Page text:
Dr Margaret Chan
|Dr Margaret Chan says bird flu poses a|
threat to human health across the world
Yesterday, the World Health Organisation (WHO) released what appeared to be a routine statement about four brothers in Pakistan who had all contracted the H5N1 strain of 'bird flu'.
However, the statement revealed that three of the four had had no known contact with sick or dead poultry.
The incident has again raised fears of a bird flu pandemic.
The H5N1 virus was first discovered in 1997, but human cases of the illness have been limited.
If the virus gains the ability to pass easily between humans the results could be catastrophic.
Dr Margaret Chan, the director-general of the WHO, tells Sir David that bird flu poses an emormous threat to human health across the world and that while it is difficult to predict if a pandemic will occur, scientists are closely monitoring the virus.Watch the interview with Dr Margaret Chan on YouTube
|Knox Chitiyo joins Sir David to discuss|
Zimbabwe's economic troubles
Zimbabweans are still awaiting the outcome of last week's presidential elections.
Robert Mugabe's ruling Zanu-PF has already lost its majority in parliament for the first time since independence in 1980.
The opposition Movement for Democratic Change (MDC) claim their leader, Morgan Tsvangirai, has won the presidential election.
However, it looks likely that there will be a run-off vote.
There is concern that a re-run could inflame tensions in the country and lead to violence.
The elections come against a backdrop of increasing economic troubles in the former British colony. Inflation is running at more than 100,000 per cent and fuel and food shortages are commonplace.
Knox Chitiyo of the Royal United Services Institute joins Sir David to discuss the situation and says that if a run-off were to occur, Morgan Tsvangirai would be the firm favourite to win by a decisive margin.
He adds that if Tsvangirai is elected there will be an enormous sense of expectation that he may find hard to fulfill.
|James Miles was one of thefew journalists |
in Tibet when the violence began
After experiencing some of its worst violence for years, in which more than 100 people were reportedly killed, the province of Tibet is once again calm.
It is thought the violence began after a number of Buddhist monks were arrested in the Tibetan capital Lhasa.
Most Tibetans dispute China's claim to the Himalayan territory and resent the increasing economic, political and cultural dominance of the Chinese.
With the Beijing Olympics taking place later this year the issue of Tibet's sovereignty is likely to remain in the international spotlight.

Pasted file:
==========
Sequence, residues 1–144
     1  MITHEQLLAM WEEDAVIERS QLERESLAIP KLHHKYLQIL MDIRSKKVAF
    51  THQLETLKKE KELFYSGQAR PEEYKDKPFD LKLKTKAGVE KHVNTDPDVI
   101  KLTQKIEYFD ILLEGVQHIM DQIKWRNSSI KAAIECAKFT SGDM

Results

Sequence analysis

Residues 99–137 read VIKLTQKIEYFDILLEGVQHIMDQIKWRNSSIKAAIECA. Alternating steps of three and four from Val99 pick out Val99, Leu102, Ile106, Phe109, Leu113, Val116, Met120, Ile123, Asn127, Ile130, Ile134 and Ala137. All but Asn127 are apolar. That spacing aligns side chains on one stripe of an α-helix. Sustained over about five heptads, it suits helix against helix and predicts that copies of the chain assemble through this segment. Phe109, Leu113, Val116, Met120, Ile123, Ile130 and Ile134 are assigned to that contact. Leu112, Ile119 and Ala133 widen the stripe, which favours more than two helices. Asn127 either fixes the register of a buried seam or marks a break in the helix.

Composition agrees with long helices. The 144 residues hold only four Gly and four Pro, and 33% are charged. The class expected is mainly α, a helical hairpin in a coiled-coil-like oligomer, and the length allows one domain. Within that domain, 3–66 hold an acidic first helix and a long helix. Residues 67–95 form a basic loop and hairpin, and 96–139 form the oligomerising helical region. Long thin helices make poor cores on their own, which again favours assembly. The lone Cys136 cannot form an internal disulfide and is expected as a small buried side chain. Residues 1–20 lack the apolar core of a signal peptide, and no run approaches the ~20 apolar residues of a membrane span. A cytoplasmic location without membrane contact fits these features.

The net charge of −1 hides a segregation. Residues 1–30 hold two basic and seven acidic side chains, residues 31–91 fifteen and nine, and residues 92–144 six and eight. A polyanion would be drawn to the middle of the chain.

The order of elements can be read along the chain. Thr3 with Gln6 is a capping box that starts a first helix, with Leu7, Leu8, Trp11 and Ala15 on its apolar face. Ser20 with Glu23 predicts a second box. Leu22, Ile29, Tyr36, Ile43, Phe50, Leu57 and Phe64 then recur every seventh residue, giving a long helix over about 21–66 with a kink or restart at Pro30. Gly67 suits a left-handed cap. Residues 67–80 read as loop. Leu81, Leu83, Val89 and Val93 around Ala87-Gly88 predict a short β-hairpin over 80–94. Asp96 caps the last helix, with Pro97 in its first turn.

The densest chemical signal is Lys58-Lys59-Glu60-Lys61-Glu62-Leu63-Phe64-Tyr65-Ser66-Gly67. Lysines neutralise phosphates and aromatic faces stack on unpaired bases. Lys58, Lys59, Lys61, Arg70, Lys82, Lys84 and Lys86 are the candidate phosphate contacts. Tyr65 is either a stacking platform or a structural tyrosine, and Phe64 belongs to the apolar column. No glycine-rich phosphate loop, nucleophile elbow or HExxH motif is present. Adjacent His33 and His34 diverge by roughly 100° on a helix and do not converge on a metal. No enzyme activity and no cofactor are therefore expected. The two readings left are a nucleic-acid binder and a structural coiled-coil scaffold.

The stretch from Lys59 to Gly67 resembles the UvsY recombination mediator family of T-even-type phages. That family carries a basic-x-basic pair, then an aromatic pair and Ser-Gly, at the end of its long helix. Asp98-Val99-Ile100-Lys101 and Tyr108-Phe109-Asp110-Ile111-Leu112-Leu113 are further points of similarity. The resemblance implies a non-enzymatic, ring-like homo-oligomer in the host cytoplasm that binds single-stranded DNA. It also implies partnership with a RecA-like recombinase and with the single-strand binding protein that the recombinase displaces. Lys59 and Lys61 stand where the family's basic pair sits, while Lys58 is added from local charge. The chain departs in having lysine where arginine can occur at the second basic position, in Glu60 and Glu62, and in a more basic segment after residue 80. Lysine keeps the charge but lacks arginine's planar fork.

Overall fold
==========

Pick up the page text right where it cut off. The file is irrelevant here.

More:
James Miles, the China correspondent for The Economist, joins Sir David to discuss the tensions.
Miles was one of the few journalists in Tibet when the violence began.
He says the scale of the violence was unprecedented in China and adds that despite the justified grievances of ethnic Tibetans, without the Chinese, economic growth in the region would be seriously hindered.Watch the interview with Knox Chitiyo and James Miles on YouTubeLouis de Bernières
|Louis de Bernières joins Sir David to discuss his|
newest book and future projects
The British novelist Louis de Bernières shot to fame with the publication of his phenomenally successful book, Captain Corelli's Mandolin
It was a worldwide best-seller and has been translated into 11 languages.
A film adaptation of the novel was released in 2001, and it has also been adapted for the stage.
Bernières' latest book, A Partisan's Daughter, tells the tale of a young Serbian woman and her plutonic love affair with an older man.
Francis Moore-Lappe and Simon Maxwell
|Francis Moore-Lappe says hunger is a result of|
scarcity of democracy
There are growing fears that global food supplies cannot keep up with demand.
Food prices have risen by 75 per cent over the last three years and there have been food riots in some countries, including India and Mexico.
High oil prices have pushed up transportation and processing costs, demand from India and China, and the United State's dash for ethanol are among many factors that have contributed to the price rises.
Sir David is joined by Simon Maxwell of the Overseas Development Institute, and by Francis Moore-Lappe of the Small Planet Institute.
Maxwell says governments have to respond by providing more social security, safety nets and famine relief.
|Frank Lutz, an American pollster, joins|
Sir David to discuss the presidential race
The race for the Democratic presidential nomination in the US was always going to be fiercely contested.
However, few predicted it would last this long. What started in the January snows of Iowa looks set to run through to the final contests in Montana and South Dakota in June.
It could even go beyond that all the way to the August convention in Denver.
Barack Obama currently leads his Democratic rival Hillary Clinton in the delegate count but not by an insurmountable margin.
Meanwhile John McCain, the confirmed Republican nominee, has already set about establishing his presidential credentials for the big election in November.
Sir David is joined by American pollster Frank Luntz to discuss the presidential race.
Luntz says that despite Clinton's strong established support, Obama is the likely winner of the Democratic nomination; adding that if this happens a segment of Democratic voters are likely to vote for McCain.
A McCain and Obama election, Luntz says, is too close to call.Watch the interview with Frank Luntz on YouTube
Frost over the World airs at 18:00GMT every Friday on Al Jazeera English and is repeated during the week.